While it is preferred to employ permanent magnets as external magnetic means to drive an internal mixer, electromagnets may also be utilized and the activities thereof may be controlled so as to control the mixing being effected. Thus, charges to the electromagnet coils may be increased or decreased, or turned on or off to control the movements of the mixers and thereby promote best mixings of the materials being heated.
In addition to magnetic means being utilized for mixing while microwave heating container contents, other means may be substituted or used in combination therewith, such as mechanical means, vibratory means and ultrasonic means. Thus, it is within such aspects of the invention to utilize a solenoid positioned under the turntable so that its core or an extension thereof will strike the underside of the turntable when the solenoid is energized, thereby moving the container and creating mixing currents in the contained material. Alternatively, the turntable can be spring loaded or otherwise designed to speed up, slow down, be lifted or be dropped down, as by motor control or by suitable mechanical lifters, such as cam and roller combinations, e.g., rollers mounted on the underside of the turntable and moving the turntable upwardly and downwardly in response to contacts with cams, or riding on rising and decending tracks, positioned below the rollers. In another embodiment of such mechanical aspect of the invention the container material to be heated may be held in an oscillating supporting member that permits pendulum-like movement of the container. Thus, when directional changes are made, due to the oscillating motion, the container is "shaken", thereby helping to mix or agitate the contents. It will be noted that the mechanical mixing means most often are means for moving the container of material to be heated in a direction that has a vertical component but means for moving such containers and/or their contents by other operations are also contemplated as being useful, such as those which move the contents inertially.
In another aspect of the invention ultrasound may be employed, with a probe or horn being directed at the material being heated. Use of ultrasound has the further advantage, with respect to sterilization of bacteriological media, that in addition to producing heat to destroy bacteria present in the medium, the ultrasound also has its independent destructive effect. Suitable ultrasound probes and horns are available from Heat Systems-Ultrasonics, Inc. and are described in their 1987 SONICATOR® Bulletin and their 1988 SONICATOR Application Notes. One such device, designated by 50, is illustrated schematically in FIG. 1. Instead of employing ultrasound other means may be utilized, including vibratory means, either directly in the material to be agitated or in contact with the container for such material.
Various types of equipment and materials useful in construction of the invented system will now be mentioned but it will be understood that such description is not to be interpreted as limiting. A useful and practical source of microwave radiation has already been described but other microwave generators and controllers may also be employed. The microwave frequency will normally be 2.45 gigahertz but it may be any suitable frequency in the range of 0.3 to 50 gigahertz. The power of the microwave apparatus will normally be in the range of 600 to 2,000 watts, with the higher powers being preferred, but apparatuses of still greater powers are also contemplated and may be preferred in the future. Usually the power to the magnetron is controllable in the range of 0 to 100% power and it may also be "stepped", when desired.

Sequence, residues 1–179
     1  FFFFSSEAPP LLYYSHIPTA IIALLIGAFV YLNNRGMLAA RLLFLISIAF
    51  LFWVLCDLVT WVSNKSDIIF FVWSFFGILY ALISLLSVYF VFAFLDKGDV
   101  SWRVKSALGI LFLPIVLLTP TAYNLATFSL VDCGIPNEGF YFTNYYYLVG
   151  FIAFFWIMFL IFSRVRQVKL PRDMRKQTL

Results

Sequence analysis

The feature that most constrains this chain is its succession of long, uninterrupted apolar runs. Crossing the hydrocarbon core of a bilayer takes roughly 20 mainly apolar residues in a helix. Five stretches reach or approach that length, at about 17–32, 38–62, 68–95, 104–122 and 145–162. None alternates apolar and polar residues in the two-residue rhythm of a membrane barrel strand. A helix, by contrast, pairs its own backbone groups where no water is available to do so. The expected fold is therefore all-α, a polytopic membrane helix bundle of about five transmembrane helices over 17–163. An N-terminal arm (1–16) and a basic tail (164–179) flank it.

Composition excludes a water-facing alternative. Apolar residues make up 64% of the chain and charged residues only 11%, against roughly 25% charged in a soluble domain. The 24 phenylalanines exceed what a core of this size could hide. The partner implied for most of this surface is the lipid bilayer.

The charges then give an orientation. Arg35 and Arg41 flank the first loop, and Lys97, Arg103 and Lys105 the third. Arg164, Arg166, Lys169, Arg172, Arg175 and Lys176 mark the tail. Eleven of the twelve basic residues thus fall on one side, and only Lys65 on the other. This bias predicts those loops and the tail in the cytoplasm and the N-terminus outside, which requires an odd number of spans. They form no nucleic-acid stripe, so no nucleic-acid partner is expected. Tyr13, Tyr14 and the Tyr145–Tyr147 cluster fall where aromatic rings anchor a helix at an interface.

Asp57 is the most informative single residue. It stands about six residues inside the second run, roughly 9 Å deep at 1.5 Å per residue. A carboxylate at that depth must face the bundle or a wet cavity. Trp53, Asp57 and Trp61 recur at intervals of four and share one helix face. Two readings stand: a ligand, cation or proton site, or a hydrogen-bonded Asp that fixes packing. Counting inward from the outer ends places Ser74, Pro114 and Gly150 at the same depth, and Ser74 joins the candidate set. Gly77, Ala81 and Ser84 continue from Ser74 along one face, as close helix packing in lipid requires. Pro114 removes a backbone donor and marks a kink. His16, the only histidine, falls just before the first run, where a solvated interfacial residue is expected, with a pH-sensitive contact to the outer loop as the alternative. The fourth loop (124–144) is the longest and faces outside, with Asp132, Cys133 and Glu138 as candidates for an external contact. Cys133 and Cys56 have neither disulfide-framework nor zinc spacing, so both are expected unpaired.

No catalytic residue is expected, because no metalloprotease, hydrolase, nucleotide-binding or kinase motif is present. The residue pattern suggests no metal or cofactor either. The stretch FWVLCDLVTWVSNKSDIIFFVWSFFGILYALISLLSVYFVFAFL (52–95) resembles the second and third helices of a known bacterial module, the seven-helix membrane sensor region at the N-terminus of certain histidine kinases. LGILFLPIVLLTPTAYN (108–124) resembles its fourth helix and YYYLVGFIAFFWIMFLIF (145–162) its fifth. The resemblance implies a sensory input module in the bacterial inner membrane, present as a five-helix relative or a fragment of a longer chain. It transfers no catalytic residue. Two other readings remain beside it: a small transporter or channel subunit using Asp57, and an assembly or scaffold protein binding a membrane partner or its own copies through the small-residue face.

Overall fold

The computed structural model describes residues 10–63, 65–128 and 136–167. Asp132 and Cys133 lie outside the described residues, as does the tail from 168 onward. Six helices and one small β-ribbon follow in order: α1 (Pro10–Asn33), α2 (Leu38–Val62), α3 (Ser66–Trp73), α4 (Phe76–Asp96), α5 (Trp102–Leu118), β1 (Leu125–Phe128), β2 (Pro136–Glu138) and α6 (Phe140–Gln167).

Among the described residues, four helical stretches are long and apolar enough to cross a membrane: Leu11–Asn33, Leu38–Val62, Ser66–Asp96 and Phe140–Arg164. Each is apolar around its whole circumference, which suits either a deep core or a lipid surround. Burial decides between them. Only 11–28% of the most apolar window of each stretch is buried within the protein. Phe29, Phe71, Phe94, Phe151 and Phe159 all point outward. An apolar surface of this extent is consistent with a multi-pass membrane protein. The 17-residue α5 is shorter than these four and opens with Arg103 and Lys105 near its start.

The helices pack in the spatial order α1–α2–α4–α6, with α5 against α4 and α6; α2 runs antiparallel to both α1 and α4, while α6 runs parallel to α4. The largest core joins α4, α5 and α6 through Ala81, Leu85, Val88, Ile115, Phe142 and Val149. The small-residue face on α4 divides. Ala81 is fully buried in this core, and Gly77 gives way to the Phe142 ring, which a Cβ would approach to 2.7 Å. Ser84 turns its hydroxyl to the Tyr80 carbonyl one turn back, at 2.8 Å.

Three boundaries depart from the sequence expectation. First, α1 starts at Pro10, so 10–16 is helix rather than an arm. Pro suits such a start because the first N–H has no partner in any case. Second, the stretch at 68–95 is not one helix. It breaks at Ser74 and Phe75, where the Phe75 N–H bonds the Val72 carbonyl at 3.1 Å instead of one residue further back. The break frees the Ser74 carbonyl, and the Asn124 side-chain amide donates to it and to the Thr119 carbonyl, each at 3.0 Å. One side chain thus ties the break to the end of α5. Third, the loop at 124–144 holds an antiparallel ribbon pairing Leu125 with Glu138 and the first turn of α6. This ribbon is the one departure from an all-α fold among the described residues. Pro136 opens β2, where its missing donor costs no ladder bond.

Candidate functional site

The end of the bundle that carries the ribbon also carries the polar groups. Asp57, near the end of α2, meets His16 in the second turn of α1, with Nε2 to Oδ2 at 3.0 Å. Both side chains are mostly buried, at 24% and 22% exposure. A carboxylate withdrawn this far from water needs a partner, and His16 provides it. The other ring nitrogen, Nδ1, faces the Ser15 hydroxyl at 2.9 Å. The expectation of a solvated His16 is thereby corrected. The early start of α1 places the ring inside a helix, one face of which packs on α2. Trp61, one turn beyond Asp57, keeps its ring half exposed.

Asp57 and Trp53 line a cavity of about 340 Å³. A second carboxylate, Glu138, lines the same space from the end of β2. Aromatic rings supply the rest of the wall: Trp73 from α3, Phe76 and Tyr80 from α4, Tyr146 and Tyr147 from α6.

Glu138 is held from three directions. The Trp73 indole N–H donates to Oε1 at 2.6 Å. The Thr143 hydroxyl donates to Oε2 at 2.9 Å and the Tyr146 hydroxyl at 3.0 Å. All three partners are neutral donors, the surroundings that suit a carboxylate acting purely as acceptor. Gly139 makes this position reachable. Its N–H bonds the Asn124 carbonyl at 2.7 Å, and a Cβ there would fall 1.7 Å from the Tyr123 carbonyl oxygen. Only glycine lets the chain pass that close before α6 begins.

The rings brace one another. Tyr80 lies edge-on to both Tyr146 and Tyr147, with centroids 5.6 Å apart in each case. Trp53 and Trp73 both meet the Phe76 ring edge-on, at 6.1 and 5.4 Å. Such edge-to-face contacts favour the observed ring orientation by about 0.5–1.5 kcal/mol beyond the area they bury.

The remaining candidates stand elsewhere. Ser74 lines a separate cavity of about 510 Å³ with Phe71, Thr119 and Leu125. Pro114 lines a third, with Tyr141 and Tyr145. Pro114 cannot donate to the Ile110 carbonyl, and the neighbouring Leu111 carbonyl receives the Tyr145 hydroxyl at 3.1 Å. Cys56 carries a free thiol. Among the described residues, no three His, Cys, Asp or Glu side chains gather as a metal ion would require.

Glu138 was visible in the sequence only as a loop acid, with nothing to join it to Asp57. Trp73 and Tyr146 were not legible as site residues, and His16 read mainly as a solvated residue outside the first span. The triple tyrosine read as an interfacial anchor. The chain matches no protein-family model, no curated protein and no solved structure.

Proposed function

The turntable, carousel or other support for the polymeric plastic material which is microwave transmissive and is capable of withstanding the temperatures in the microwave system that are generated during the heating operation. Although poly-lower alkylenes, such as polypropylene, are preferred one may also employ fluorinated polymers, such as polytetrafluoroethylene (Teflon®) and polyether imides (Ultem®), and other useful polymerics. Desirably, the turntable should be removable from its drive mechanism and from the microwave apparatus to facilitate quick cooling of the materials that were heated, but that is not necessary. Such quick cooling can be effected if a removable turntable, containing twelve or so containers of sterilized bacteriological medium, is removed from the microwave apparatus and then submerged in ice water or other coolant (or has coolant sprayed on or flowed over it) to effect quick cooling of the containers (except for the pressure monitoring containers, if no pressure retaining stop-cock is present). Such cooling, as to pressures below atmospheric and temperatures of about 95° to 100° C., preferably below 100° C., lowers the pressures in the containers so that they may be opened, and the contents may be quickly transferred to other vessels, dishes and plates, if desired. The turntable drive means, which was not specifically illustrated because it is conventional, may rotate with or without oscillation, although oscillatory motion is much preferred. Such rotational speeds will normally be within the range of 2 to 30 revolutions per minute, e.g., 10 r.p.m., and for oscillating rotational motion,,the frequency of oscillation will normally be in the range of 3 to 20 oscillations/min. (o.p.m.), preferably 5 to 15, e.g., about 10, and the extent of oscillation will be in the range of 10° to infinity (no oscillations), preferably 90° to 720°, more preferably 135° to 450° and still more preferably 180° to 405°, e.g, 360°. When a pressure controller is connected to one or more of the containers more complex connection is required if the turntable moves in ordinary rotational motion, rather than in oscillating rotation. For such reason, and also because oscillating motion helps to create a mixing effect in the contained material being heated, such oscillating motion of the turntable is highly preferred.